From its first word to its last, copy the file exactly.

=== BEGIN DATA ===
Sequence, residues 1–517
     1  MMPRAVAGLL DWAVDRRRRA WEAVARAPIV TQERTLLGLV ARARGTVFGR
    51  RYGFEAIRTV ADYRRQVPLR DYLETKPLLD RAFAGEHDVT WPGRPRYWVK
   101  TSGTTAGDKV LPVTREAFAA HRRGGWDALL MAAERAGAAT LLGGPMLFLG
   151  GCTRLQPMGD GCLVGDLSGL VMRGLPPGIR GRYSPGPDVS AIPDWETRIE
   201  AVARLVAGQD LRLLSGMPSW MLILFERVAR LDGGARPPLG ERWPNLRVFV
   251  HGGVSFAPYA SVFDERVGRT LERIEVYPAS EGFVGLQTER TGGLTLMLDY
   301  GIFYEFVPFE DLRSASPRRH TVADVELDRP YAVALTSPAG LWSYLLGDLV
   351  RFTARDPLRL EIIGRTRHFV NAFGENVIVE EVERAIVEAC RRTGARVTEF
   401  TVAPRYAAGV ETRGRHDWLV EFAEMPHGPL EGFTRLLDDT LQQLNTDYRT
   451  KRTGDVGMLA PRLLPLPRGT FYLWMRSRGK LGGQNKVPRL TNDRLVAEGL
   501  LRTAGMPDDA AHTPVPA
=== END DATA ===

Sequence, residues 1–517
     1  MMPRAVAGLL DWAVDRRRRA WEAVARAPIV TQERTLLGLV ARARGTVFGR
    51  RYGFEAIRTV ADYRRQVPLR DYLETKPLLD RAFAGEHDVT WPGRPRYWVK
   101  TSGTTAGDKV LPVTREAFAA HRRGGWDALL MAAERAGAAT LLGGPMLFLG
   151  GCTRLQPMGD GCLVGDLSGL VMRGLPPGIR GRYSPGPDVS AIPDWETRIE
   201  AVARLVAGQD LRLLSGMPSW MLILFERVAR LDGGARPPLG ERWPNLRVFV
   251  HGGVSFAPYA SVFDERVGRT LERIEVYPAS EGFVGLQTER TGGLTLMLDY
   301  GIFYEFVPFE DLRSASPRRH TVADVELDRP YAVALTSPAG LWSYLLGDLV
   351  RFTARDPLRL EIIGRTRHFV NAFGENVIVE EVERAIVEAC RRTGARVTEF
   401  TVAPRYAAGV ETRGRHDWLV EFAEMPHGPL EGFTRLLDDT LQQLNTDYRT
   451  KRTGDVGMLA PRLLPLPRGT FYLWMRSRGK LGGQNKVPRL TNDRLVAEGL
   501  LRTAGMPDDA AHTPVPA